Actually, you’re drinkin’ the kerosene I use for my lantern. The moonshine’s over yonder. But I am duly impressed.
Above, the cover of Clouded Passion by Arthur A. Howe, aka Sanford Aday, for Fabian Books, 1962, with Bill Edwards cover art of a country girl chugging booze like a Zeta Tau Alpha. Sanford Aday didn't just write, but also owned Fabian, along with Vega Books and Saber Books. He was a constant target of various morality groups, including Citizens for Decent Literature, which was headed by that paragon of virtue Charles H. Keating. Aday was eventually convicted of obscenity, along with his associate Wallace de Ortega Maxey, for shipping a single copy of the book Sex Life of a Cop to Michigan. Aday got twenty-five years, but the conviction was overturned by a Supreme Court decision. The novels from Adey’s three publishing houses are somewhat collectible today, and most of the covers were exactly like this one—amusing but low quality. If you’re interested, you can see a collection here.
, U.S. Supreme Court
, Citizens for Decent Literature
, Fabian Books
, Saber Books
, Vega Books
, Clouded Passion
, Sex Life of a Cop
, Arthur A. Howe
, Sanford Aday
, Wallace de Ortega Maxey
, Bill Edwards
, Charles H. Keating
, cover art
Just hike the ball and hit somebody.
Is it Matt Damon? No. The intense person you see here is U.S. president-to-be Gerald R. Ford posing in his Michigan Wolverines uniform circa 1933. Ford was a very good athlete, and in 1934 he won the Wolverines’ Most Valuable Player award. There are plenty of versions on the internet of this shot from a three-quarters angle, but we’re pretty sure this is the first time a head-on has appeared online.
Heart found sans body—no sign of Edgar Allen Poe.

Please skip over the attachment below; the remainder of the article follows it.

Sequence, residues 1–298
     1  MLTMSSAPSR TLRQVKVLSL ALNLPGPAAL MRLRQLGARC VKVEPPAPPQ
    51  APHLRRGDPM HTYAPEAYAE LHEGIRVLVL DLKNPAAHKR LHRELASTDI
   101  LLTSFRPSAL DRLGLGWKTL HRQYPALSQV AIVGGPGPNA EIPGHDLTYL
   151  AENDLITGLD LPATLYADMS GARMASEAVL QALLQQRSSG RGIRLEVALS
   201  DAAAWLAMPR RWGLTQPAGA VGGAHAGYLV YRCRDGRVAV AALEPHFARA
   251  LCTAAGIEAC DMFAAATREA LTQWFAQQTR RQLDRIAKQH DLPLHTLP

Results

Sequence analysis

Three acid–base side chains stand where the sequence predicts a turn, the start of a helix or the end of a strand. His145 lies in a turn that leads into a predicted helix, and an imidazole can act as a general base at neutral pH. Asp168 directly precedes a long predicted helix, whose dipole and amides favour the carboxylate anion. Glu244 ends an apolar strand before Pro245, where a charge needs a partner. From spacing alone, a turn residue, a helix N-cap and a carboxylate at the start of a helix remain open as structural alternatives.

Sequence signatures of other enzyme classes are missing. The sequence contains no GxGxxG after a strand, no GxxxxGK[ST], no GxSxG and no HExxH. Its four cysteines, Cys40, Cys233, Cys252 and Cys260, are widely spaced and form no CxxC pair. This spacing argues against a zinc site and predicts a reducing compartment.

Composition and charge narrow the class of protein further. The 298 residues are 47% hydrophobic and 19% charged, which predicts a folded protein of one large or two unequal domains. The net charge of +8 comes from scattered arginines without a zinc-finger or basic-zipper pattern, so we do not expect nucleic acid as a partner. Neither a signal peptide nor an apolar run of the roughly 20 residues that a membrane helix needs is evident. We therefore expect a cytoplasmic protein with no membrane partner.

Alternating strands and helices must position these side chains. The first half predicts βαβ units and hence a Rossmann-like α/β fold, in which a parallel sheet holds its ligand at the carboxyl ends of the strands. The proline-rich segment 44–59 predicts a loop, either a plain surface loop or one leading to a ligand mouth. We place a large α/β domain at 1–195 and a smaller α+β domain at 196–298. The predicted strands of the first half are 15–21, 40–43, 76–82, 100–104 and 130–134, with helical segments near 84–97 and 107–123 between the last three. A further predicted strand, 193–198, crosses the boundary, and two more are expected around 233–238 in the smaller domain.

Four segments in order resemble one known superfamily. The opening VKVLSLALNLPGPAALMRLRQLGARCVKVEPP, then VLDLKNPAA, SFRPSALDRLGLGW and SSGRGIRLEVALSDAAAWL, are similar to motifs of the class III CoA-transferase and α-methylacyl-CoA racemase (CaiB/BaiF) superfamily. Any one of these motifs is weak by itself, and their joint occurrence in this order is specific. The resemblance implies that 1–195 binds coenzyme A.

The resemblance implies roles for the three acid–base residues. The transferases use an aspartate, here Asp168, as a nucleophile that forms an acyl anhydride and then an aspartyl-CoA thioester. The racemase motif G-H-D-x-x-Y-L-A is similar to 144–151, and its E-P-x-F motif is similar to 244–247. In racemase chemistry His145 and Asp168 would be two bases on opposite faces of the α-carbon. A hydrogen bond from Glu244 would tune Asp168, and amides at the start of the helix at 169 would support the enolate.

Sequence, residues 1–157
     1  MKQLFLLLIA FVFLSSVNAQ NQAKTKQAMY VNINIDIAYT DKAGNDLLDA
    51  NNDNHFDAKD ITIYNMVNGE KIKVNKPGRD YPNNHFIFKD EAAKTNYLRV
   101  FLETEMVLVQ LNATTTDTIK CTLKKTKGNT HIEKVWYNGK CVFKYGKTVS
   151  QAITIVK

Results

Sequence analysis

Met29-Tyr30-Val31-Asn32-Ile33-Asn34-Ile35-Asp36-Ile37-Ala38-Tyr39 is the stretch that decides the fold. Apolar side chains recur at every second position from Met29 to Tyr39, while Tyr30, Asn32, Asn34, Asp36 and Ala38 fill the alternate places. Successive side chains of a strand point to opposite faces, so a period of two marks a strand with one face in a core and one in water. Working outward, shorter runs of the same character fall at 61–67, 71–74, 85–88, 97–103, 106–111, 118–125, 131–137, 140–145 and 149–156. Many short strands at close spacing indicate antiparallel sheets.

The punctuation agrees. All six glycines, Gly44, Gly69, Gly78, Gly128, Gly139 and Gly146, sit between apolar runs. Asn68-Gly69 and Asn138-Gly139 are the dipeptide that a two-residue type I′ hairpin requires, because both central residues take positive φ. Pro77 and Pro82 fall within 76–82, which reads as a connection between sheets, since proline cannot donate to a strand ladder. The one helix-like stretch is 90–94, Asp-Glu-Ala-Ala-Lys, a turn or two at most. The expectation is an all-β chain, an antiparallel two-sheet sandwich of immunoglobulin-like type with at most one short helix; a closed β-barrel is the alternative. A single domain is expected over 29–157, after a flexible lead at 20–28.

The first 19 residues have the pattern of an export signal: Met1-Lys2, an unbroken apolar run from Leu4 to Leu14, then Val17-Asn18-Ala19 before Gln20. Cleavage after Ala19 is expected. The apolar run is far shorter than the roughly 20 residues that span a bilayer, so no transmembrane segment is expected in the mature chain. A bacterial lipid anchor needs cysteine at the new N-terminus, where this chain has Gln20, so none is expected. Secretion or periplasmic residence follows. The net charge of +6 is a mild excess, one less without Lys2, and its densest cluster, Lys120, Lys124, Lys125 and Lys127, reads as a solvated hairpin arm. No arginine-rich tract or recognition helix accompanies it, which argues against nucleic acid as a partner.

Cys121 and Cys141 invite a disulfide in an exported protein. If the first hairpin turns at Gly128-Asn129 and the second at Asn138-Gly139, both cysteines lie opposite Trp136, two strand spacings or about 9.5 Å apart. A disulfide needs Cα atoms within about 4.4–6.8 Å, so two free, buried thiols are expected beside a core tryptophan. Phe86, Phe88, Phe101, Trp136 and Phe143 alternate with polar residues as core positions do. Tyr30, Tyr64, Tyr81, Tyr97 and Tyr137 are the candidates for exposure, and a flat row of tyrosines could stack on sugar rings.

In the U.S., in a place called Paw Paw, Michigan, the owner of a manual car wash found a heart inside a wash bay. He called police, who took it to an animal clinic, where a veterinarian could not determine its origin. Next they went to a cardiologist, who said that while the organ was human-sized, he could not conclusively determine its source. Next stop was Lansing, Michigan’s Sparrow Hospital, where CSI techs are set to examine it. Paw Paw police Chief Patrick W. Alspaugh commented: “If it’s a human heart, that prompts the question, then where’s the body?”
The headlines that mattered yesteryear.
1920—Royal Canadian Mounted Police Forms
In Canada, The Royal Canadian Mounted Police, aka Gendarmerie royale du Canada, begins operations when the Royal Northwest Mounted Police, founded 1873, and the Dominion Police, founded 1868, merge. The force, colloquially known as Mounties, is one of the most recognized law enforcement groups of its kind in the world.
1968—Image of Vietnam Execution Shown in U.S.
The execution of Viet Cong officer Nguyen Van Lem by South Vietnamese National Police Chief Nguyen Ngoc Loan is videotaped and photographed
by Eddie Adams. This image showed Van Lem being shot in the head, and helped build American public opposition to the Vietnam War.
1928—Soviets Exile Leon Trotsky
Leon Trotsky, a Bolshevik revolutionary, Marxist theorist, and co-leader of the Russian October Revolution, is exiled to Alma Ata, at the time part of the Soviet Union but now located in Kazakhstan. He is later expelled entirely from the Soviet Union to Turkey, accompanied by his wife Natalia Sedova and his son Lev Sedov.
1933—Hitler Becomes Chancellor
Adolf Hitler is sworn in as Chancellor of Germany in President Paul Von Hindenburg's office, in what observers describe as a brief and simple ceremony. Hitler's first speech as Chancellor takes place on 10 February. The Nazis' seizure of power subsequently becomes known as the Machtergreifung.
It's easy. We have an uploader that makes it a snap. Use it to submit your art, text, header, and subhead. Your post can be funny, serious, or anything in between, as long as it's vintage pulp. You'll get a byline and experience the fleeting pride of free authorship. We'll edit your post for typos, but the rest is up to you. Click here
to give us your best shot.